A glorious surprise, Mowgli is the live-action “remake” that Disney can only aspire to create. It’s a family film that, for once, the whole family could watch and actually enjoy equally.
I hate to rain on any parades here, but I think we really should be way more excited about Mowgli: Legend of the Jungle when it comes to the live-action remake stakes.
Admittedly, it’s been so long since I saw any version of The Jungle Book that any recollection I could attempt to make would never stand up in court. However, I can confidently say that it didn’t go down the route of just rehashing the same story once again. Instead, what I was treated to here was more of an origin story-type take on the character of Mowgli. Pleasantly surprising and genuinely quite affecting is the best way I can sum it all up.
Straightaway it became very clear to me that there were a plethora of big names attached to this film. Benedict Cumberbatch, Andy Serkis (who also directed – bravo, sir), Naomi Harris, Cate Blanchett and Christian Bale in his most chameleonic performance to date, plus a few more actors who I think we’ll see rise through the ranks over the coming years. There’s a bit of weight there in that list, am I right? I loved the vocal performances and truly felt like they matched the physical appearances. Serkis’ gravelly turn as Baloo is particularly notable I think you’ll find.
I’ve said it already I think, but I was a big fan of the origin story-style take that this film tried. For me, it was great not to just give an existing story a like-for-like facelift, which is a format that I’ve not been at all fond of. It was nice to see a bit of creativity on this front. However, what’s even greater is how suited this film appears to be to audiences of all ages. For the last few years, I’ve been sceptical when new children/family films have come out, partly because of the whole rehashing thing, but also because I feel they’ve failed to reach everyone, regardless of age. They obviously appeal to kids, and there’s usually a few things to keep the parents sane, but if you’re outside of those demographics, you’re left out in the cold a bit. Mowgli: Legend of the Jungle had a number of themes running through it that made it darker and a bit harder-hitting. As a result, I got on with it like a house on fire. In particular, what it had to say about identity and finding yourself resonated massively, and this was what carried the film so strongly.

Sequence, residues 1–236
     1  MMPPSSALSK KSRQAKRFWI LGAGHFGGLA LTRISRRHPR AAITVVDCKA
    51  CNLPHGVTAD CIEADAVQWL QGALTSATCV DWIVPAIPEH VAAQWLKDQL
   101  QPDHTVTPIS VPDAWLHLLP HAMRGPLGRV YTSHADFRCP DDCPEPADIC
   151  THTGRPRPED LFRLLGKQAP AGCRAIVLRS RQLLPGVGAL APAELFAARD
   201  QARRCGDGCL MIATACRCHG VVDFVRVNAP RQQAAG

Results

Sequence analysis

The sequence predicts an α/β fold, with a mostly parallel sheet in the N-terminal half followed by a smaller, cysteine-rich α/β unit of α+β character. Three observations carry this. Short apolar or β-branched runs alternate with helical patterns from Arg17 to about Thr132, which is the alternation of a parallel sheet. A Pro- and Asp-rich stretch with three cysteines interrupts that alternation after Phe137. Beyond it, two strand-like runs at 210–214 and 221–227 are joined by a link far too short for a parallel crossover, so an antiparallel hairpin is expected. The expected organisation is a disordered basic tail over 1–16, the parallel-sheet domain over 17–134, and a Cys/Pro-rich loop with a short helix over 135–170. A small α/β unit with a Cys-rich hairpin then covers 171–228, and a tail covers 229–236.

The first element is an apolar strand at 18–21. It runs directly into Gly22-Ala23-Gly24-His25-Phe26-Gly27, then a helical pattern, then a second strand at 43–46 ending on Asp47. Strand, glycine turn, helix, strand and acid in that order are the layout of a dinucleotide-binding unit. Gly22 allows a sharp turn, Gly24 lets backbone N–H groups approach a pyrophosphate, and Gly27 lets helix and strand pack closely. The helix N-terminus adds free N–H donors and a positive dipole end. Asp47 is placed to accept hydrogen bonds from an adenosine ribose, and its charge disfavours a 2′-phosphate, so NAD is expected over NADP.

If I had to complain about anything, it would be that there were parts where the animations didn’t quite marry up with the live-action sequences. For the most part, it was pretty seamless, however, there was the odd shot where the special effects stuck out like a sore thumb. It took me out of the film a little, but in reality, it’s more of a niggly little thing that I can overlook for how much I enjoyed the rest of the film.
A glorious surprise, Mowgli is the live-action “remake” that Disney can only aspire to create. It’s a family film that, for once, the whole family could watch and actually enjoy equally. It had an air about it that was similar Kubo And The Two Strings that I just loved, and the fact that it wasn’t afraid to go a little darker on us was much appreciated. Now, if only you could guarantee me that all these remakes, revivals and reboots could be as enjoyable as this one, you might actually convince me that they’re worth making after all.